Sir, – This is a Christian-majority country, and our elected politicians represent this majority and should not be pressured into abandoning their beliefs and heritage. – Yours, etc,
A chara, – Jennifer Kelly (April 1st) says it is “inappropriate and galling to many” that both Houses of the Oireachtas begin their business with a prayer. For “many” we must, of course, substitute “a few”, given that as far as I am aware there is nothing to support the notion that it is an issue that exercises people in great numbers. Concerning the appropriateness of the practice, I would suggest she read the preamble to our Constitution, which begins “In the Name of the Most Holy Trinity, from Whom is all authority and to Whom, as our final end, all actions both of men and States must be referred”.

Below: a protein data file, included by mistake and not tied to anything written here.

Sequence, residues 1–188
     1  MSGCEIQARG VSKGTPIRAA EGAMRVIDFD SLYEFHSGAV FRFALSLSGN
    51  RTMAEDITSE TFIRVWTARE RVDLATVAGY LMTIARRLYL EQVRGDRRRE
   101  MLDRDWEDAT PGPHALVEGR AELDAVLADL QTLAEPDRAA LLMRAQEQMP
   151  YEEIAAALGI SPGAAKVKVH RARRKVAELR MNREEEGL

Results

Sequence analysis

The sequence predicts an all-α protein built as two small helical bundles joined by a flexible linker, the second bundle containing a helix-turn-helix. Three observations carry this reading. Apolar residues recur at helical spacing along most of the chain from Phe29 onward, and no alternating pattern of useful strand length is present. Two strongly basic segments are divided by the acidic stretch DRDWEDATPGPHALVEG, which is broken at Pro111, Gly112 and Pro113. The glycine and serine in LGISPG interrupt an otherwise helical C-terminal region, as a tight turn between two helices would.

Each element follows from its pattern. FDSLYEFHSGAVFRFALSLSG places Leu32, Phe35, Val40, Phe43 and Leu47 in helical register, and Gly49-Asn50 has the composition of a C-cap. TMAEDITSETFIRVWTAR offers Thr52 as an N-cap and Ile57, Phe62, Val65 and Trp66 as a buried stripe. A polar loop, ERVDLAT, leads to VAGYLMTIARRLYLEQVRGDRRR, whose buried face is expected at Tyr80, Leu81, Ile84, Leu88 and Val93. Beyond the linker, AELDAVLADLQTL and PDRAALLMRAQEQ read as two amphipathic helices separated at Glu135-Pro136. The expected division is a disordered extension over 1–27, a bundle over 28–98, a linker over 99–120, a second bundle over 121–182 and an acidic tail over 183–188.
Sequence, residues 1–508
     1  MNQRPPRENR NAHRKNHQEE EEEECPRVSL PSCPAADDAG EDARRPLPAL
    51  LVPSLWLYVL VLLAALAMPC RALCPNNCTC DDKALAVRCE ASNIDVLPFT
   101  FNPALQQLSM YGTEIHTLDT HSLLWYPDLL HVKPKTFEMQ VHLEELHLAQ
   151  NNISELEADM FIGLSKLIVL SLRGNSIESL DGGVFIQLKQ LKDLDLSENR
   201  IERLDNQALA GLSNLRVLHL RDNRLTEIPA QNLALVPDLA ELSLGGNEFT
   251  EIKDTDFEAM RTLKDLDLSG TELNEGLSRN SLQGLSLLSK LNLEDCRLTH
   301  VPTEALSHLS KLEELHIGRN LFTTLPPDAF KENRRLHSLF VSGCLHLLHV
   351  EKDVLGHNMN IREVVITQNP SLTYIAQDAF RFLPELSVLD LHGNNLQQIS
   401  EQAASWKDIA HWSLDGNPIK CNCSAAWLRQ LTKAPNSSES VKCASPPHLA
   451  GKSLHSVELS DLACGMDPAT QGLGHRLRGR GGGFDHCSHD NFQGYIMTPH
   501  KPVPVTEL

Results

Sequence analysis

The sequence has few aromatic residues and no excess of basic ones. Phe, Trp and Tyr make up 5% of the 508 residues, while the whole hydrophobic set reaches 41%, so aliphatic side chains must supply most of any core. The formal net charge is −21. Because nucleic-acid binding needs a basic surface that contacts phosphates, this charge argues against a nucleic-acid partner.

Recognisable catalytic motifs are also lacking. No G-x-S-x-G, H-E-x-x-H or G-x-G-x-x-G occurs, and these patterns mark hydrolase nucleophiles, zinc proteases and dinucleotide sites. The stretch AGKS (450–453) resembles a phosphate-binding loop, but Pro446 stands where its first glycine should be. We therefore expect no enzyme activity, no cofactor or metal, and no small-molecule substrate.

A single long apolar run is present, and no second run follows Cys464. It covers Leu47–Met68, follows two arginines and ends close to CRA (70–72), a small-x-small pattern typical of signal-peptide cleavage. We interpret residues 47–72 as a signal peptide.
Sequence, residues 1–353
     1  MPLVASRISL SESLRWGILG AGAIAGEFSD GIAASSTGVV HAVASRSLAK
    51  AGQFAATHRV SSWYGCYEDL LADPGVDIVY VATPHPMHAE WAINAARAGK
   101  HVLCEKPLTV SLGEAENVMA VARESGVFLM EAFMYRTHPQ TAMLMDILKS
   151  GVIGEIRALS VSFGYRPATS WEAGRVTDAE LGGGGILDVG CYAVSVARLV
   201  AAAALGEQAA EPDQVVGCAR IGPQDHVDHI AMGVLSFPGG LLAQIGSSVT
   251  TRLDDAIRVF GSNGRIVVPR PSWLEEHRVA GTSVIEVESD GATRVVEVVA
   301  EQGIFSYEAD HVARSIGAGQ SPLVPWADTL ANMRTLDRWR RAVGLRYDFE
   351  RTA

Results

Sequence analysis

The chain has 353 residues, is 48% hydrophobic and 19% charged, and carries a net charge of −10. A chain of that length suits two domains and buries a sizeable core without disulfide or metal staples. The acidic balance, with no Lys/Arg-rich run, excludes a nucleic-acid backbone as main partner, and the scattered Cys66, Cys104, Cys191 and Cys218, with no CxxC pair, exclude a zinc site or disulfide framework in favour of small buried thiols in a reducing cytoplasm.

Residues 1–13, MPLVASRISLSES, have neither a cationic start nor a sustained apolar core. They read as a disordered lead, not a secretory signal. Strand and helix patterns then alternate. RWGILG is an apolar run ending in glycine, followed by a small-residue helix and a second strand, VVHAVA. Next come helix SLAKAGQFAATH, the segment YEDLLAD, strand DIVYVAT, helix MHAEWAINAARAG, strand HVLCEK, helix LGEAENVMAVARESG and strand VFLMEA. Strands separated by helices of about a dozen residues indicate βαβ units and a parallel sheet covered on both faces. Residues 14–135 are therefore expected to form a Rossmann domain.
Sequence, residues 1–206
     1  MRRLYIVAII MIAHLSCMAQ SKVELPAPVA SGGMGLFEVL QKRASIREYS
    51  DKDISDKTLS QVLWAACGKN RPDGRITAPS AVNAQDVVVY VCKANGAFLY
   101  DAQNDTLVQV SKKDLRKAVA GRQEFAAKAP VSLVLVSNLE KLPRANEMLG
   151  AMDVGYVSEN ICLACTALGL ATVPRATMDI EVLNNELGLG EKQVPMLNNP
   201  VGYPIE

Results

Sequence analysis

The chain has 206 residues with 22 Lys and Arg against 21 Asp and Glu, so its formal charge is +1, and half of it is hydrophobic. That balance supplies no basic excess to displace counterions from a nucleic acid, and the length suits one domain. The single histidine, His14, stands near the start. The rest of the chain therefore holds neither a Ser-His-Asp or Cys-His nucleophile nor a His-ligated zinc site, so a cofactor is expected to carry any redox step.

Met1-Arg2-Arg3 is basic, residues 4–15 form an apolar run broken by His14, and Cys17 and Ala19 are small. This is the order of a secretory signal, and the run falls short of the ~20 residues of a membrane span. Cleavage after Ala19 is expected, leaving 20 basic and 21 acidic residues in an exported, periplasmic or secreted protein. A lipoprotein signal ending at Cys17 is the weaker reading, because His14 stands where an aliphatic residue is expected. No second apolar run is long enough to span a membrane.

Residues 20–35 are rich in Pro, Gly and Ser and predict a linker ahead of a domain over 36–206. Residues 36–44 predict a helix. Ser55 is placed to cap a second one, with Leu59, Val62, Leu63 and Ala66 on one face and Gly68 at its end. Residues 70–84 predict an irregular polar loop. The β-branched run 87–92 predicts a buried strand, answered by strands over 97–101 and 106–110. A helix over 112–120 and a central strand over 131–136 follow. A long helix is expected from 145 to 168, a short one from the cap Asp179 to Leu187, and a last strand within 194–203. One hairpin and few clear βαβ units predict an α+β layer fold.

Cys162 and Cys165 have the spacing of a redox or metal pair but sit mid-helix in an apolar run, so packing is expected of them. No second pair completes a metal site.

This, I would suggest, more than justifies our elected representatives beginning state business with a brief prayer.
And while it is regrettable that she and a small number of others may be galled by this, the simple fact is that in this life there is no pleasing everyone. – Is mise,
Rev PATRICK G BURKE,
Sir, – In the House of Commons, the Speaker’s chaplain recites a prayer that urges MPs to avoid selfish weaknesses and also to “seek to improve the condition of all mankind”. To my mind, this is a superior prayer to the Oireachtas prayer, which only mentions a Christian God and seeks that “that every word and work of ours may always begin with thee, and by thee be happily ended”.
While both prayers impose a belief in God on elected members of parliament at least the British prayer aspires members not to be selfish and to do good for everyone in the world. Maybe, it would be a good thing for the Ceann Comhairle to use similar words which have the same high aspiration without mentioning God, the queen or anyone else. Surely this is something every TD, whether religious or not, might aspire to agree on. – Yours, etc,